Power Scaling of Highly Compact Single-Frequency Yb-Doped Fiber Amplifiers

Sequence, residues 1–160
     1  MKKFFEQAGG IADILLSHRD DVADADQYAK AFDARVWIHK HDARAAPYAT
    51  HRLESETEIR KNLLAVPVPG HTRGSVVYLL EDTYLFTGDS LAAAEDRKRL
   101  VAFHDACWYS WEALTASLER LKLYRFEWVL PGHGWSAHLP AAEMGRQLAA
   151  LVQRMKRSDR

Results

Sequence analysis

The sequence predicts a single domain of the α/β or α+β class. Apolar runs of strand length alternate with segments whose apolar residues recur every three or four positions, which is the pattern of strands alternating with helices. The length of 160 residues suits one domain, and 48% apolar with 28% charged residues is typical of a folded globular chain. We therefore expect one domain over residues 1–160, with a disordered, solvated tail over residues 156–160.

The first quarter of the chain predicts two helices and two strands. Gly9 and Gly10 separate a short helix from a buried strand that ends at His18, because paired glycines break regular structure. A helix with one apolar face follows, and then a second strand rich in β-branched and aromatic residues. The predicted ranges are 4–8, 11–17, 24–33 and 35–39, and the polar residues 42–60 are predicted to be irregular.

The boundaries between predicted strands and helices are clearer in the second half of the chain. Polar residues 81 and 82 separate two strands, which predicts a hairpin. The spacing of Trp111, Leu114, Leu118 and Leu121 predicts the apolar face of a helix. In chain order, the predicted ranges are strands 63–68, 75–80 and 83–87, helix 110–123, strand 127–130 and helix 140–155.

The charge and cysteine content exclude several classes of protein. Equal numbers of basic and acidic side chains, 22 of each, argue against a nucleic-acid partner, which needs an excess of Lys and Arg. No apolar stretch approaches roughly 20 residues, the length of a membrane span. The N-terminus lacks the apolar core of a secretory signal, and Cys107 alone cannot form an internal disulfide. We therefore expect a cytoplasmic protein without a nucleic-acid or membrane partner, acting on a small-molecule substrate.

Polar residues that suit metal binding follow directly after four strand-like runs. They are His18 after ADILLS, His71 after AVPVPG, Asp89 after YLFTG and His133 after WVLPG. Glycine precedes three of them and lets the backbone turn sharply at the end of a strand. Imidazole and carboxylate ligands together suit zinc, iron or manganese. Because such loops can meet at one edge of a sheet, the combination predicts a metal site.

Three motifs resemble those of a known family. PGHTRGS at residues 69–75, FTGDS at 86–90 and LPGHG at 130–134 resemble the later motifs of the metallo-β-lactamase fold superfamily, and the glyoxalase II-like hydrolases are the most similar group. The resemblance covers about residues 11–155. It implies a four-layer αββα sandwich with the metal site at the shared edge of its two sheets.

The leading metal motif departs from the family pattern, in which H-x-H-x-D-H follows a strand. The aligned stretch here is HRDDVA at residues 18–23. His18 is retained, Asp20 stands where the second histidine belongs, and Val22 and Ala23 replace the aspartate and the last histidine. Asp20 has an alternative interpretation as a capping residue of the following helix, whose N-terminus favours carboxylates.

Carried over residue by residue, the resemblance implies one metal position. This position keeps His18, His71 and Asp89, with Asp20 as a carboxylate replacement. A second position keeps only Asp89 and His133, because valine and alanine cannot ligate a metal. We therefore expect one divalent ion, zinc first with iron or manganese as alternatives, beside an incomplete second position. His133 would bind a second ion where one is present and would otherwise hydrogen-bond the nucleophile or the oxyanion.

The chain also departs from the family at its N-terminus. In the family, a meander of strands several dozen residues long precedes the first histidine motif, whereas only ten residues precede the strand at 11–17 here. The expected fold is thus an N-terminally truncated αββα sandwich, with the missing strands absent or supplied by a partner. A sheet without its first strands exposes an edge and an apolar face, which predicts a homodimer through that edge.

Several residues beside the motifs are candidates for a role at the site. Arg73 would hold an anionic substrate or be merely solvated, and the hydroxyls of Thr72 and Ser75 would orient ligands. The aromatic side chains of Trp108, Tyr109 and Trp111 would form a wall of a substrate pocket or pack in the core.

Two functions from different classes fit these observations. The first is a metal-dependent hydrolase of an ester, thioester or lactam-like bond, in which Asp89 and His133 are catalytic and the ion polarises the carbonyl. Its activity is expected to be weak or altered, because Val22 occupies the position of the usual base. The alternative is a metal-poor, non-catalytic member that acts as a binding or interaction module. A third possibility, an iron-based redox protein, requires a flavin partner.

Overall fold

Abstract: Both scientific interests and industrial applications have stimulated the advance of single-frequency laser technology. The high spatial and temporal coherence of this technology has facilitated many applications such as gravitational wave detection, high-precision fiber sensors, high-resolution spectroscopy, holography, and nonlinear optical conversion. However, this is currently achieved through large footprint lasers with limited portability and mobility. Therefore, there is a need to reduce the size of these lasers into a compact format. Power performance of hundreds of watts in the near-infrared spectrum and tens of watts in the visible and UV spectra for continuous (CW) operation mode and pulse energies up to several tens of mJ in pulsed operation mode are needed. An amplification structure for single-frequency lasers that meets these requirements is the master oscillator power amplifier (MOPA). However, compactness imposes several constraints on the MOPA design. The main challenge is the limited output power of the single-frequency fiber MOPA due to the onset of stimulated Brillouin scattering (SBS) in the amplifier fiber. SBS arises from the interaction of acoustic phonons with the propagating signal wave and is converted into a frequency-shifted, backward-propagating wave. SBS is manifested through high-intensity pulses propagating in the backward direction, which can be very harmful for optical components and the seed laser itself. Hence, the suppression of SBS is crucial to the power optimization of the MOPA. This thesis therefore focuses on investigating different SBS suppression techniques that fit a compact MOPA design. More specifically, this is implemented by studying the efficiency of the strain distribution technique applied to the amplifier fiber and the use of custom and commercial highly Yb- doped fibers both in CW and pulse operating MOPAs. Using highly Yb-doped fibers presents challenges with respect to the composition of the fiber material and in high- power operation that can have undesirable degradational effects, such as photodarkening and thermal load generation, and these have been investigated and discussed in this thesis. As a result of the different mitigation approaches, output power approaching 100 W in CW mode operation and pulse energies near mJ in pulse mode operation are demonstrated in only one amplification stage, showing the feasibility of a MOPA design with high performance and a small footprint. This may facilitate many applications in the visible and UV spectral ranges that require mobility and portability.
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